“This attack, we believe quite strongly that it came from a foreign state,” Ben Wallace, a junior minister for security, told BBC Radio 4’s Today programme.
“North Korea was the state that we believe was involved in this worldwide attack,” he said, adding that the government was “as sure as possible”.
The massive WannaCry attack infected more than 300,000 computers in 150 countries, including in Britain’s National Health Service (NHS), the US logistics company FedEx and a factory of the car vendor Honda.
WannaCry is a ransomware which encrypts all files stored in your system and demands a $300 ransomware in worth bitcoins if you want to decrypt and recover these files.
According to the Britain’s National Audit Office, computers at 81 hospital groups across England out of the total number of 236 were infected.
The WannaCry attack caused severe problems to the NHS England, it forced the cancellation of some 19,500 medical appointments and affected roughly 600 general practitioners.
The National Audit Office confirmed that most of the affected facilities were running Windows 7 OS that had not been updated.
“It was a relatively unsophisticated attack and could have been prevented by the NHS following basic IT security best practice,” NAO chief Amyas Morse said.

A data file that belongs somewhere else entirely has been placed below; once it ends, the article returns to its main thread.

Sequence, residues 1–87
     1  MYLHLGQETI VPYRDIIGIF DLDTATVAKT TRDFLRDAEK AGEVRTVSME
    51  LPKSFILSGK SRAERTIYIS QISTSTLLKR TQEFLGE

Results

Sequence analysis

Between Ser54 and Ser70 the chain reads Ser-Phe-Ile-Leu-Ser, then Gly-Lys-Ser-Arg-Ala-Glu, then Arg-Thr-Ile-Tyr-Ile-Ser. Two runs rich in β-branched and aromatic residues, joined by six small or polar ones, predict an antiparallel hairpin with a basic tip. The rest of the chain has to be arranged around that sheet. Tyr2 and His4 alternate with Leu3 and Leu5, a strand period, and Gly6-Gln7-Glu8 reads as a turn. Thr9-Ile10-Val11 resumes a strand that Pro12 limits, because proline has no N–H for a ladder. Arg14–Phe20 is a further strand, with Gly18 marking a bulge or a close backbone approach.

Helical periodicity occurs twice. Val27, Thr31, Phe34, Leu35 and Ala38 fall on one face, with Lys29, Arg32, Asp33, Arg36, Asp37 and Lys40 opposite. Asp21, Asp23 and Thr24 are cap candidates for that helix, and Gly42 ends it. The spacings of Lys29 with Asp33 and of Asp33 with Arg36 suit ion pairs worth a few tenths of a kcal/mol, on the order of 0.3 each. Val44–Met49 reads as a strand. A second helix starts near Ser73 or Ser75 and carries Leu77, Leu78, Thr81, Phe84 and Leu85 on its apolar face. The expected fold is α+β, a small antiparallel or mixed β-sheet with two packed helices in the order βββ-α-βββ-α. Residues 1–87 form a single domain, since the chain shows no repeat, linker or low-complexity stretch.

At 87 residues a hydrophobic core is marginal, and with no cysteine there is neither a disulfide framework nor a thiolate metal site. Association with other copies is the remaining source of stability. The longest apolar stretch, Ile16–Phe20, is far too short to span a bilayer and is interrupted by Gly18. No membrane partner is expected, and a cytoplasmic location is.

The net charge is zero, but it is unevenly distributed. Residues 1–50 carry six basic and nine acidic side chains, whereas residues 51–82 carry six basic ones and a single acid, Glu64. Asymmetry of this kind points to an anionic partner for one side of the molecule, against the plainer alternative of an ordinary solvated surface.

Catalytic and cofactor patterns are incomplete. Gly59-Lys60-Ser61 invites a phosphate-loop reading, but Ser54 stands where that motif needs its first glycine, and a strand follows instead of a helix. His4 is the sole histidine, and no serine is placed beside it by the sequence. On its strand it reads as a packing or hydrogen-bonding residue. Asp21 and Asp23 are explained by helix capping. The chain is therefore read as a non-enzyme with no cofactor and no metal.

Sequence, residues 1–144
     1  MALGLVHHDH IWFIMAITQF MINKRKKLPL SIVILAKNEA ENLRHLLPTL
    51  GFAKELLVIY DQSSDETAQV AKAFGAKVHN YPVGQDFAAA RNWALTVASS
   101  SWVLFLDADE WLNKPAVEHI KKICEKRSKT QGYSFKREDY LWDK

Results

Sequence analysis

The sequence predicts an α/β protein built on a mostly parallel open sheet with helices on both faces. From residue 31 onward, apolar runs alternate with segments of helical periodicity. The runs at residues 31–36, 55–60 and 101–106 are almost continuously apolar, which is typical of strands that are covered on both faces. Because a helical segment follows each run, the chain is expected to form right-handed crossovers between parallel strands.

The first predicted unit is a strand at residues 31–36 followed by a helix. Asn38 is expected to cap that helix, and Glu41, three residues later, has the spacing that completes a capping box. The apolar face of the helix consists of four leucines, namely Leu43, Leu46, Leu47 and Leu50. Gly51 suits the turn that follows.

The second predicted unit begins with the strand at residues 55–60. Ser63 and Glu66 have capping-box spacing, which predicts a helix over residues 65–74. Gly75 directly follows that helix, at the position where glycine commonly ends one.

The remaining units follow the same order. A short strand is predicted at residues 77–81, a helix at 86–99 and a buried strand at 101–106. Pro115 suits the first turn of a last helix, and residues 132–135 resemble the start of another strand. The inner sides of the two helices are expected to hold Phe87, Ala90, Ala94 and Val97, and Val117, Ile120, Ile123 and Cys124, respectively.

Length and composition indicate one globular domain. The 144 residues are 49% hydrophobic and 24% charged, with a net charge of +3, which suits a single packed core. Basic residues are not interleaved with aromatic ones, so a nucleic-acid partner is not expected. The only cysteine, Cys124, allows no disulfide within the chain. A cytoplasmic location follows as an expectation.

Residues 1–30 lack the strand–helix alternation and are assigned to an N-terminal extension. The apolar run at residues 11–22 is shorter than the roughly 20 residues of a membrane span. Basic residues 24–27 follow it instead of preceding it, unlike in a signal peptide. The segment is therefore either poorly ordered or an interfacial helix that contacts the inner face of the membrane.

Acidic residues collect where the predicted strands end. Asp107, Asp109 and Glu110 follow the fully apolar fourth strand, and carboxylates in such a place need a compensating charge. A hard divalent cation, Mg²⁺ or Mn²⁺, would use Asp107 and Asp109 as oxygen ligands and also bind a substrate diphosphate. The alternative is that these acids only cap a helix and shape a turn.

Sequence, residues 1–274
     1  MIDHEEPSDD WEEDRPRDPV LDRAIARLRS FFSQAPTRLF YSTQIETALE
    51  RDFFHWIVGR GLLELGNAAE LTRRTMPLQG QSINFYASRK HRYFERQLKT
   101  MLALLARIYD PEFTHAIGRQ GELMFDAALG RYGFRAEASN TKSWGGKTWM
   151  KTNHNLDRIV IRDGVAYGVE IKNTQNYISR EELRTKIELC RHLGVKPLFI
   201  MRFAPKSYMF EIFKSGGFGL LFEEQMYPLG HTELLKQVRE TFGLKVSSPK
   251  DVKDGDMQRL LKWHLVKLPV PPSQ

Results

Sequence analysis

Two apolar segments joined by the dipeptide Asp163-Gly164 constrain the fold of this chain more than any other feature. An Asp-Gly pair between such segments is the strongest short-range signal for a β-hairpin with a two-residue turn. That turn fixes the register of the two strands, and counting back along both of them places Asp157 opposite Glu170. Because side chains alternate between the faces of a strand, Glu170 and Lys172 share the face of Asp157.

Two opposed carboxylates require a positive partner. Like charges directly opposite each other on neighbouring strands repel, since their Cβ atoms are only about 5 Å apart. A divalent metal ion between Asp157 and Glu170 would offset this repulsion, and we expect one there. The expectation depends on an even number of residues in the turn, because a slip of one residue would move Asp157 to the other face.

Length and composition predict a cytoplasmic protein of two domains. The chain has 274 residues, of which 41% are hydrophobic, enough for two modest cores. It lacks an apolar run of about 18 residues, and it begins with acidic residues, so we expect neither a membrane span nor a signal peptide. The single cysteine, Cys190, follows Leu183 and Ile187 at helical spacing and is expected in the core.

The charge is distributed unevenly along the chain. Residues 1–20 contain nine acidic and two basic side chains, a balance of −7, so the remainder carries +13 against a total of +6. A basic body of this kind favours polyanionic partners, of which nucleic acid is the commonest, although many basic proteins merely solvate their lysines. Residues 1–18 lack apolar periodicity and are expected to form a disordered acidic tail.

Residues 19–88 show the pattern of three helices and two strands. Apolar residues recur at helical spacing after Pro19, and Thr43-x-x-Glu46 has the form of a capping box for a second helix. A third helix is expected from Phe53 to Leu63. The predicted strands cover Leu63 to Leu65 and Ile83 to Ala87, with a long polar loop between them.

“There are more sophisticated cyber threats out there than WannaCry so the Department (of Health) and the NHS need to get their act together to ensure the NHS is better protected against future attacks,”.
Unfortunately, the numerous recommendations in the NHS about cybersecurity, in particular about the security updates, were ignored.
It was a terrible lesson for the NHS, according to Dan Taylor, NHS Digital’s head of security, the organization had “learned a lot” from WannaCry attack.
Taylor defined the WannaCry attack as “an international attack on an unprecedented scale”.
The good news is that according to the NAO report affected British organizations did not pay any ransom. The UK Government is still assessing the current impact of the WannaCry attack, it still “does not know how much the disruption to services cost.”
Shortly after the WannaCry attack many security experts and firms linked the ransomware to the North Korean APT Lazarus group.
(Security Affairs – WannaCry attack, hacking)
Necessary cookies are absolutely essential for the website to function properly. This category only includes cookies that ensures basic functionalities and security features of the website. These cookies do not store any personal information.
Any cookies that may not be particularly necessary for the website to function and is used specifically to collect user personal data via analytics, ads, other embedded contents are termed as non-necessary cookies. It is mandatory to procure user consent prior to running these cookies on your website.